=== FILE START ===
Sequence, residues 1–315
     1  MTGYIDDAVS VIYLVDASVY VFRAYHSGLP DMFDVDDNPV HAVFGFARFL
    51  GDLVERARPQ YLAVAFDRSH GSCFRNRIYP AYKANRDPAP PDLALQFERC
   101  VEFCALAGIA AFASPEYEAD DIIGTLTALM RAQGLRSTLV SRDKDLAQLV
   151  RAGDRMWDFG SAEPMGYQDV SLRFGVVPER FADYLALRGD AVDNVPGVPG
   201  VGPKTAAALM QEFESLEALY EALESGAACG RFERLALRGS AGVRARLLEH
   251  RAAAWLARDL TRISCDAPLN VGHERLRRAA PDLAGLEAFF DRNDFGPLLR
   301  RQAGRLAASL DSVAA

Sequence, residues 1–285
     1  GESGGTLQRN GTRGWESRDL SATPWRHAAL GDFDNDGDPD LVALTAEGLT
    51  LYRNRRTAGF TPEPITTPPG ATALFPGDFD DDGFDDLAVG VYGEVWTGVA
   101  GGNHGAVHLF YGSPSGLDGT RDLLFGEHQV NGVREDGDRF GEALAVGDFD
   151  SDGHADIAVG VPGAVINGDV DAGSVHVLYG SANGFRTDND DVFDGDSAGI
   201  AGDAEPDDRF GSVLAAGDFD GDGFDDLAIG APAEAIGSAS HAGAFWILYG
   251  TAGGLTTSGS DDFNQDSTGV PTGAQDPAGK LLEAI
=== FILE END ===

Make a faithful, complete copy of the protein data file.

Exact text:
Sequence, residues 1–315
     1  MTGYIDDAVS VIYLVDASVY VFRAYHSGLP DMFDVDDNPV HAVFGFARFL
    51  GDLVERARPQ YLAVAFDRSH GSCFRNRIYP AYKANRDPAP PDLALQFERC
   101  VEFCALAGIA AFASPEYEAD DIIGTLTALM RAQGLRSTLV SRDKDLAQLV
   151  RAGDRMWDFG SAEPMGYQDV SLRFGVVPER FADYLALRGD AVDNVPGVPG
   201  VGPKTAAALM QEFESLEALY EALESGAACG RFERLALRGS AGVRARLLEH
   251  RAAAWLARDL TRISCDAPLN VGHERLRRAA PDLAGLEAFF DRNDFGPLLR
   301  RQAGRLAASL DSVAA

Sequence, residues 1–285
     1  GESGGTLQRN GTRGWESRDL SATPWRHAAL GDFDNDGDPD LVALTAEGLT
    51  LYRNRRTAGF TPEPITTPPG ATALFPGDFD DDGFDDLAVG VYGEVWTGVA
   101  GGNHGAVHLF YGSPSGLDGT RDLLFGEHQV NGVREDGDRF GEALAVGDFD
   151  SDGHADIAVG VPGAVINGDV DAGSVHVLYG SANGFRTDND DVFDGDSAGI
   201  AGDAEPDDRF GSVLAAGDFD GDGFDDLAIG APAEAIGSAS HAGAFWILYG
   251  TAGGLTTSGS DDFNQDSTGV PTGAQDPAGK LLEAI